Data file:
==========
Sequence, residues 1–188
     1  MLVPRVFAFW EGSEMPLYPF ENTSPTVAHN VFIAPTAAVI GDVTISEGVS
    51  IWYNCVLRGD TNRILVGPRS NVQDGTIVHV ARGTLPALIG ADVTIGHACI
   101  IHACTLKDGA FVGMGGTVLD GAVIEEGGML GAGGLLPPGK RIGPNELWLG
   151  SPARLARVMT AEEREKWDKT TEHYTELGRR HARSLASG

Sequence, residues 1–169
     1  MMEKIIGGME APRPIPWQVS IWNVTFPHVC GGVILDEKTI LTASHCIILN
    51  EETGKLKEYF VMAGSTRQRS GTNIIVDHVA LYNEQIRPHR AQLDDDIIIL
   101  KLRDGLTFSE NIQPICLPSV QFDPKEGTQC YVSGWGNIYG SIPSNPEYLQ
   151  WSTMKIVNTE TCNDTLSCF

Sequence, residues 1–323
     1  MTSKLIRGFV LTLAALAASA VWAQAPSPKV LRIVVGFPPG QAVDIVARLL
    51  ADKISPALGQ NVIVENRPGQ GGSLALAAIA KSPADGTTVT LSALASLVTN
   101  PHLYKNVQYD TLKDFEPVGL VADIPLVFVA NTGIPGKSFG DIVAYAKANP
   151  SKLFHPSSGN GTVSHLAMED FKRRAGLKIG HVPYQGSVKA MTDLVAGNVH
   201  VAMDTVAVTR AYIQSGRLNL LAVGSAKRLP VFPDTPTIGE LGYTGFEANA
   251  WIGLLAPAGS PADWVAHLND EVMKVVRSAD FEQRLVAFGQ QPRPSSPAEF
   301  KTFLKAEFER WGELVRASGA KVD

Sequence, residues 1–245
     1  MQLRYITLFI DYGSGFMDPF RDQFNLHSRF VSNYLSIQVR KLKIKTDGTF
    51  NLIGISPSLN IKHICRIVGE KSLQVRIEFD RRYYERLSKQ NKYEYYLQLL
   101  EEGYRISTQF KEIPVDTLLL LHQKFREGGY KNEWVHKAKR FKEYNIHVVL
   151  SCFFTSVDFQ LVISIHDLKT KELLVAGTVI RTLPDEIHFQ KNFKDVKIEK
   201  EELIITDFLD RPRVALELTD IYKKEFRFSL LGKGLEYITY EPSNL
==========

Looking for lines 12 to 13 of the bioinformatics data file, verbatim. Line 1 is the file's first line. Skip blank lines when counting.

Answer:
     1  MTSKLIRGFV LTLAALAASA VWAQAPSPKV LRIVVGFPPG QAVDIVARLL
    51  ADKISPALGQ NVIVENRPGQ GGSLALAAIA KSPADGTTVT LSALASLVTN